For our anniversary Jane usually tries to sneak us away for a couple of days at the beach.  On our last anniversary visit I realized she really was her parents’ child.  One day the three of us sat on the beach for almost two hours – no chairs or towels or bathing suits.  Just sat right in the sand in our clothes.  We watched monstrous waves come crashing in.  Her mom lay on her side while I dug a hole in the sand with my hands.  We hardly spoke at all.  Sitting between us like that it was like she was a little girl again.

One good thing is I saw a lot of the family this summer.  Each of the girls take turns staying over now that we’re receiving hospice services.  This summer Jane spent several days a week here.  Nicole, our middle child, and her family jettisoned their annual two-week vacation to Canada.  Jane and Kelly remained within a three-hour drive and Tabitha spent much of her free time exercising me and helping me regain some of my strength.

Simple moments during this time have brought me peace and pleasure.  Jane stays on Wednesday and Friday nights and has to leave for school by 5:30 in order to make it to Georgetown on time.  I enjoy getting up in the wheelchair and having coffee with her.  While she is trying to creep through the living room, I am wide-awake, being a good “baby” so she will let me out of the “crib.”  These mornings are largely uneventful but having that one-on-one time during the quiet of the morning is just … nice.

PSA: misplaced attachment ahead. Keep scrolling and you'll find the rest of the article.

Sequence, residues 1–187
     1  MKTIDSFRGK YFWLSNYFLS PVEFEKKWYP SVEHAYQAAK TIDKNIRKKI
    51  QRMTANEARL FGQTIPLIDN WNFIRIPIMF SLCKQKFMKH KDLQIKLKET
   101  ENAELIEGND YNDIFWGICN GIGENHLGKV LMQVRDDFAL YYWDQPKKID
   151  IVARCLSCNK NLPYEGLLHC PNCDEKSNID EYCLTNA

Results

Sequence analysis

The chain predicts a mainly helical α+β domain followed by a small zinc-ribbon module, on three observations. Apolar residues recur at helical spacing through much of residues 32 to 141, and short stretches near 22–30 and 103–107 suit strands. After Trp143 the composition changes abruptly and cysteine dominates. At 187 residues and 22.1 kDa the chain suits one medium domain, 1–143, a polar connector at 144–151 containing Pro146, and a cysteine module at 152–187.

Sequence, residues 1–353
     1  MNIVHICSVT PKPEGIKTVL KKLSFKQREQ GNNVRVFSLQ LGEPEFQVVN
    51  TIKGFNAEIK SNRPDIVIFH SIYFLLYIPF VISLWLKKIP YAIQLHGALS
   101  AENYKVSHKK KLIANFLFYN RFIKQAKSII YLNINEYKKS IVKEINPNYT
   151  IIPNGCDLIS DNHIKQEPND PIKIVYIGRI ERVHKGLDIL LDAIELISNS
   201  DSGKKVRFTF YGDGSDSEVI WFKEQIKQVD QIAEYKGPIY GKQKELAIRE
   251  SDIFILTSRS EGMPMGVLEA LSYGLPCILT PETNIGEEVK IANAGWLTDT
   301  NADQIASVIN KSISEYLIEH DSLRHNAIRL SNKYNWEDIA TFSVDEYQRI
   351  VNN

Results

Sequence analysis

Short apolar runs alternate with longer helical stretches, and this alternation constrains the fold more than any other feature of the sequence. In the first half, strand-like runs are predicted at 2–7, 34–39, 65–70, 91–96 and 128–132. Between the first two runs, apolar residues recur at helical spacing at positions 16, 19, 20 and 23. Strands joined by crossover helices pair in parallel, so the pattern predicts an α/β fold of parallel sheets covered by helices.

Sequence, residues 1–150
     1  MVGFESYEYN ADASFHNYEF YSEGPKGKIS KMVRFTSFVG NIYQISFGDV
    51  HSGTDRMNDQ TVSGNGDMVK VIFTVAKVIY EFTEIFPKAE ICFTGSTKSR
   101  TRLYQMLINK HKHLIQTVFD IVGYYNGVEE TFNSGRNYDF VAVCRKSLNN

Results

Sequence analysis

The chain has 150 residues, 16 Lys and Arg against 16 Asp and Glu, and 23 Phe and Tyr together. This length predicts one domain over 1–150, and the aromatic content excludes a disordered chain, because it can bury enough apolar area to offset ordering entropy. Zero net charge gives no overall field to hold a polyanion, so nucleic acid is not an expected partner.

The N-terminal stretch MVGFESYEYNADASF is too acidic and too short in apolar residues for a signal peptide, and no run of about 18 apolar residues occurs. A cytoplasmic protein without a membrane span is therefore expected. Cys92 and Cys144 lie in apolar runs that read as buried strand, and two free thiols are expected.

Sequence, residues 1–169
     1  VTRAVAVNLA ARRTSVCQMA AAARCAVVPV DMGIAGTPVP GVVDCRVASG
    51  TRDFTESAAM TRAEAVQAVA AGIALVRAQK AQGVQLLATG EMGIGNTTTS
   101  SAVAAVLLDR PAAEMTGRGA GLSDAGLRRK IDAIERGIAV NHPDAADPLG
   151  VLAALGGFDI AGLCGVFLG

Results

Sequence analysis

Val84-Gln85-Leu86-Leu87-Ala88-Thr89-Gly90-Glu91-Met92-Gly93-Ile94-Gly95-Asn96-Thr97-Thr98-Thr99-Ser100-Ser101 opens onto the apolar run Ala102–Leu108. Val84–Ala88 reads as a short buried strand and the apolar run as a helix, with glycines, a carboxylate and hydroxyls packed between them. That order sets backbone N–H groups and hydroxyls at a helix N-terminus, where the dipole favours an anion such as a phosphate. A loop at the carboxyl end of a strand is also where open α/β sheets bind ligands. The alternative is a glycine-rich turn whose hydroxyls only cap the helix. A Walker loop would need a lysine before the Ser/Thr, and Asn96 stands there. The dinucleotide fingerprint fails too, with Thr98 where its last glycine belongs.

Recently I’ve made gains.  When I first came home from the hospital, I wasn’t able to walk or even stand.  The girls had to lift me into the wheelchair.  I can now walk to the back deck with the walker.  It’s not pretty, but I can stand on my own.

It was on our 42nd anniversary that the stroke struck.  We had decided to treat ourselves with a bus trip to Atlantic City for the day.  From a hospital in AC to a hospital outside of Philadelphia to two months at Bryn Mawr rehab, I finally regained the ability to speak and walk.  My right leg dragged a little bit, but I was walking.

Yet the real blow, the knockout punch came during my next visit to the doctor.  I was anxious to get back on the road and drive again.  I remember daring the doctor, “Now tell me it’s not going to be a year before I can get my license back.”